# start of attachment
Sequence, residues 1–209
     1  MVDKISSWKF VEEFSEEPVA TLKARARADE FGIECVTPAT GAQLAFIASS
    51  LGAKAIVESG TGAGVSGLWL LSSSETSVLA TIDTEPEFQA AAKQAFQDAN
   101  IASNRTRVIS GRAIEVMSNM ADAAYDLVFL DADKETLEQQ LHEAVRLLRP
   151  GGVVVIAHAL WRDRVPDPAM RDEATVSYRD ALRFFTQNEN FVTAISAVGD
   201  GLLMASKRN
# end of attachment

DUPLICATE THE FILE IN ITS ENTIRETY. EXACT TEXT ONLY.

Sequence, residues 1–209
     1  MVDKISSWKF VEEFSEEPVA TLKARARADE FGIECVTPAT GAQLAFIASS
    51  LGAKAIVESG TGAGVSGLWL LSSSETSVLA TIDTEPEFQA AAKQAFQDAN
   101  IASNRTRVIS GRAIEVMSNM ADAAYDLVFL DADKETLEQQ LHEAVRLLRP
   151  GGVVVIAHAL WRDRVPDPAM RDEATVSYRD ALRFFTQNEN FVTAISAVGD
   201  GLLMASKRN